The Jim Morrison Triptych

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Courtesy of artist Thomas E. Breitenbach comes an intriguing missive from Jim Morrison; legendary frontman of The Doors and owner of stationery so cool it's a wonder he didn't send more letters. Breitenbach, a long-time fan of Morrison, had previously written to him and offered to paint an album cover. Below is the singer's response. Biographer Jerry Hopkins later said of the letter: '...the beach scene he described is a variation on a dream he told several people he had. The center would be an extension of his interest in chaos and insanity, I suppose, and the final panel refers to a scene from his childhood when he and his father came upon an overturned truck, dead and injured Indians scattered "on dawn's highway, bleeding." (See the lyric of "Peace Frog.")'.

Jim Morrison died less than a year later and the finished triptych wasn't used. It can be seen at Breitenbach's website here, along with other related material. Many thanks for his permission to show the letter.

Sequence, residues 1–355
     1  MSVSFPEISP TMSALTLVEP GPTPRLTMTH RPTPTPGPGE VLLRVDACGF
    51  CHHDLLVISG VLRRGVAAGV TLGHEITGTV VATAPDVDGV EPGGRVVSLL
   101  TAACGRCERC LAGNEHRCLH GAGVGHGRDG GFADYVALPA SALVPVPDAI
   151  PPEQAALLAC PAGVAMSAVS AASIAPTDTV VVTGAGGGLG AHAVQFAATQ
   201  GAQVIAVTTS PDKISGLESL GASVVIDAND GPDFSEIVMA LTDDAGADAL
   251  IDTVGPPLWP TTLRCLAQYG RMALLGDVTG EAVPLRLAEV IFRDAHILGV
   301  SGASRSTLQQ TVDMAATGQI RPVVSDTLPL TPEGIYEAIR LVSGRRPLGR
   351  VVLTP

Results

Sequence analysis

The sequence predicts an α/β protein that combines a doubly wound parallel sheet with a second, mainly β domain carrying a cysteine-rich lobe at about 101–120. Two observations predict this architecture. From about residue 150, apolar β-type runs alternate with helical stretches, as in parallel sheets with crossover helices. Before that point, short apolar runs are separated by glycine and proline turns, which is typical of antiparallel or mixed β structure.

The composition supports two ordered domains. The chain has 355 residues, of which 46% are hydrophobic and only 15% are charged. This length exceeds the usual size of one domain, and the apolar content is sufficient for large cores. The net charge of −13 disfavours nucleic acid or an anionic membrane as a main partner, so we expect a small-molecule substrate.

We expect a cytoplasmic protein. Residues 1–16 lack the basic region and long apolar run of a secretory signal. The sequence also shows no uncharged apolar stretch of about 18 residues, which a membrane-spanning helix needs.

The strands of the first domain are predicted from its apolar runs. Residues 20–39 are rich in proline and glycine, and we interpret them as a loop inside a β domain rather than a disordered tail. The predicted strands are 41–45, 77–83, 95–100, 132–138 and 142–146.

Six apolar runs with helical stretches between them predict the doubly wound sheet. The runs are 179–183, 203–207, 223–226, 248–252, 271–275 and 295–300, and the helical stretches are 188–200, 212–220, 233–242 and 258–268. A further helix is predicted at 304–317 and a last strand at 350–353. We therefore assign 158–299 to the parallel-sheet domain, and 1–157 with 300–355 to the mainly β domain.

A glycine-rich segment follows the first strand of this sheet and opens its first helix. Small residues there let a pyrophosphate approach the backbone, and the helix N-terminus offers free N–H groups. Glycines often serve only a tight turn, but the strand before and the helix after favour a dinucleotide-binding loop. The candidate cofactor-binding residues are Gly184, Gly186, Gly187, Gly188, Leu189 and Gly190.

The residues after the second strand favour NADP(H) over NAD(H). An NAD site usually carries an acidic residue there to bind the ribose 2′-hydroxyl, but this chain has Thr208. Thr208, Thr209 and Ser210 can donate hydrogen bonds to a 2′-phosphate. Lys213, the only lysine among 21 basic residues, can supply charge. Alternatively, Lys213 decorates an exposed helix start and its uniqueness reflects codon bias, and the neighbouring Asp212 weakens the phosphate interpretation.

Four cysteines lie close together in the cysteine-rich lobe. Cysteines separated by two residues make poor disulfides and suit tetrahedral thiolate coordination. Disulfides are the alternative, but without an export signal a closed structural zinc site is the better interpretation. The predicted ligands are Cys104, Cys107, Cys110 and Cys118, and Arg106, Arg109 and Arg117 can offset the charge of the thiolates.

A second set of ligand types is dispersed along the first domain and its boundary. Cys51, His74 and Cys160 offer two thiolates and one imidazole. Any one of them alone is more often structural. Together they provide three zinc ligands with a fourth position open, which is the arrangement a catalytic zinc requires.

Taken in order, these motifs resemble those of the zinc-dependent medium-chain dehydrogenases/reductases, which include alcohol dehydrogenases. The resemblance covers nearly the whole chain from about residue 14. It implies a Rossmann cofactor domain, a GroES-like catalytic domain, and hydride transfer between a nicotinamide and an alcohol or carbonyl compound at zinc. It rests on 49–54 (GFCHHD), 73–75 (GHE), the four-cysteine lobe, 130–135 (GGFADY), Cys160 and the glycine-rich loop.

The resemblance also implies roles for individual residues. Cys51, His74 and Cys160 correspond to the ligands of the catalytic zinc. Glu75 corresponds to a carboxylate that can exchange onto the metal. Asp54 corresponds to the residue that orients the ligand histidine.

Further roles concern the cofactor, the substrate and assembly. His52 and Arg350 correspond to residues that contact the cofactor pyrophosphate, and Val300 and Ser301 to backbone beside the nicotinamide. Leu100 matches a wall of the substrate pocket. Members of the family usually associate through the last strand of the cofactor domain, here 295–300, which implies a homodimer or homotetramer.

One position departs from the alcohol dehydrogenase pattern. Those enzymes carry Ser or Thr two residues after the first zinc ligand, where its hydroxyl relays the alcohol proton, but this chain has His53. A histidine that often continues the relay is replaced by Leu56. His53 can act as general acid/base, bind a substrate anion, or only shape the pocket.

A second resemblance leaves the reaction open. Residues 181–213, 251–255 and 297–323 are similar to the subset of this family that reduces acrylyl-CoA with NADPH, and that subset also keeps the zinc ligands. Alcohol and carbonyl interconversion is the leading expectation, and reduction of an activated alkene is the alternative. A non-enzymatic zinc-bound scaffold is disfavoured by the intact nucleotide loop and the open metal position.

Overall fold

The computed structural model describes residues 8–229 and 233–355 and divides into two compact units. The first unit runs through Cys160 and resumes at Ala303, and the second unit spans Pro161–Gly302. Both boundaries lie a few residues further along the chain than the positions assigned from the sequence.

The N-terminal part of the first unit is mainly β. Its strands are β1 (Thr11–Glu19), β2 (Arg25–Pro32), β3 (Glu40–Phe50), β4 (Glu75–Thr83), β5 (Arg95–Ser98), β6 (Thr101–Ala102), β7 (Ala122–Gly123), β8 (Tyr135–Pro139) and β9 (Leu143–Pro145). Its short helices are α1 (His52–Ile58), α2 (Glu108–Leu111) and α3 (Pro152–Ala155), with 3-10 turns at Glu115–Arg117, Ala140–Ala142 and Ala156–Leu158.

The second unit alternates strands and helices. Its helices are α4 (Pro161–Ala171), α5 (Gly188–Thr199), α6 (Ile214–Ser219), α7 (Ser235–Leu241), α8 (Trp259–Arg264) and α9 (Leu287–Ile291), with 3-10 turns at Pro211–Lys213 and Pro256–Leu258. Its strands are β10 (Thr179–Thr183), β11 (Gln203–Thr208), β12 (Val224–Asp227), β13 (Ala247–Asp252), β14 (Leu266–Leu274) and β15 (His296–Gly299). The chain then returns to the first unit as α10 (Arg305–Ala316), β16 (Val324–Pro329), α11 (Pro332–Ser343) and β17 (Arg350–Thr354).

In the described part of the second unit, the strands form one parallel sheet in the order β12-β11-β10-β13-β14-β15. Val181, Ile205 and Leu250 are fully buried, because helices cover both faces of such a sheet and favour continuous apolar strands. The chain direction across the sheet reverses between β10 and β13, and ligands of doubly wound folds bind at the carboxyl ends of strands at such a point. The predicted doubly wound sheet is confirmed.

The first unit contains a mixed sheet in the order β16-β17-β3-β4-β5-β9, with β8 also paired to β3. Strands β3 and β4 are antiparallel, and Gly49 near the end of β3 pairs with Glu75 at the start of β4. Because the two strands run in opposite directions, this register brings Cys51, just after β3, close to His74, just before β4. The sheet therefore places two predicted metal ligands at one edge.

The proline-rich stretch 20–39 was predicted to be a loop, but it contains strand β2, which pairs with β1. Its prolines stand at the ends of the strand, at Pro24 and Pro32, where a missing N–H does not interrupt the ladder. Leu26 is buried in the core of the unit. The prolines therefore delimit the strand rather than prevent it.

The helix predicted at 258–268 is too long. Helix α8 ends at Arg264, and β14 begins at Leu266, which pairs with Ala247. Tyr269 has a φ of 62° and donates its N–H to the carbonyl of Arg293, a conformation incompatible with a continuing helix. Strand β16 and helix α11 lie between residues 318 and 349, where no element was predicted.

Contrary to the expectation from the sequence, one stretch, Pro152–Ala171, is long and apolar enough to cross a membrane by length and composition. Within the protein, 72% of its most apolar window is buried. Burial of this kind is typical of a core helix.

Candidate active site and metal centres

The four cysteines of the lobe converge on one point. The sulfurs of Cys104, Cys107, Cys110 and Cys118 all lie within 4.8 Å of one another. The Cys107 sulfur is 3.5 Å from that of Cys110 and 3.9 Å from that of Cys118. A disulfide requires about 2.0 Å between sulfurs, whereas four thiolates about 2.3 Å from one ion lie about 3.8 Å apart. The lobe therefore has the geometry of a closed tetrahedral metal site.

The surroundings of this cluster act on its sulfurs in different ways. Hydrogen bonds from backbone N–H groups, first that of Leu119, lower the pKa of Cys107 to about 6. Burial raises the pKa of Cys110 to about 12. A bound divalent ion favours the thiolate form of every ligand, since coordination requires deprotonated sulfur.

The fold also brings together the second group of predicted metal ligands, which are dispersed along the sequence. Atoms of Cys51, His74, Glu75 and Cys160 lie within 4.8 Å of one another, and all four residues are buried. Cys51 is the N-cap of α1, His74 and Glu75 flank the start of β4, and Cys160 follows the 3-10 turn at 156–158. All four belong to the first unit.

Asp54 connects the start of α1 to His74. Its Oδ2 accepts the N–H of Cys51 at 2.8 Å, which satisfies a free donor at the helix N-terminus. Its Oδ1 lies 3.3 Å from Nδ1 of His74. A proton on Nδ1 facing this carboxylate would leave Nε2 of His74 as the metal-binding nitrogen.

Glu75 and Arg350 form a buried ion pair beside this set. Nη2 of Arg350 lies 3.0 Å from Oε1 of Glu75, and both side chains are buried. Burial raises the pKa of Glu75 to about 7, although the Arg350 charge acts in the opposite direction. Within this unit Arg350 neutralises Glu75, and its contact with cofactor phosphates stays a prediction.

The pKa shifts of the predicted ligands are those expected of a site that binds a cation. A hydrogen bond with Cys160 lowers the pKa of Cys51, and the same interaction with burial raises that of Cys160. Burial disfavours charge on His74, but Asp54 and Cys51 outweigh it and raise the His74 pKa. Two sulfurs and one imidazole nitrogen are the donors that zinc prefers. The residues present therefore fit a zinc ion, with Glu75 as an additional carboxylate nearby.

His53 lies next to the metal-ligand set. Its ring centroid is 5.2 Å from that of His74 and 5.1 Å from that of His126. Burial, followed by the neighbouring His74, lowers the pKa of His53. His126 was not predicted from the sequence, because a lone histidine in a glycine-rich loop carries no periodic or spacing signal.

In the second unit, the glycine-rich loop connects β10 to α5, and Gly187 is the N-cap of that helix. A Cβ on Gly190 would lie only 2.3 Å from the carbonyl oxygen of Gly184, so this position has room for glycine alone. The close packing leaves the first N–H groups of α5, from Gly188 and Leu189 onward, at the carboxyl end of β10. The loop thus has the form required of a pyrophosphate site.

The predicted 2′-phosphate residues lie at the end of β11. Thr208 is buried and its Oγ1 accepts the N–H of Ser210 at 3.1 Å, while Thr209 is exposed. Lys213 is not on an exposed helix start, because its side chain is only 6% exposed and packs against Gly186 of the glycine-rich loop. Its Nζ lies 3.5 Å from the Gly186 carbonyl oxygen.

Transcript follows.





Transcript
The Doors

10/9/70

Thomas E. Breitenbach
619 Planner Tower
Univ. of Notre Dame
Notre Dame, Indiana 46556

Dear Mr. Breitenbach:

Thank you for your interest. Maybe we can do something.

Try doing a triptych. The left panel depicting a radiant moon-lit beach and an endless stream of young naked couples running silently along the water's edge. On the beach, a tiny infant grins at the universe and around its crib stand several ancient, old people.

The center -- a modern city or metropolis of the future at noon, insane with activity.

The last panel -- a view through a car windshield at night on a long straight desert highway.

If you come up with something related to these themes within the next four or five months I'm sure I can use it.

Thanks again.

Sincerely,

(Signed)

James Morrison

JM/kl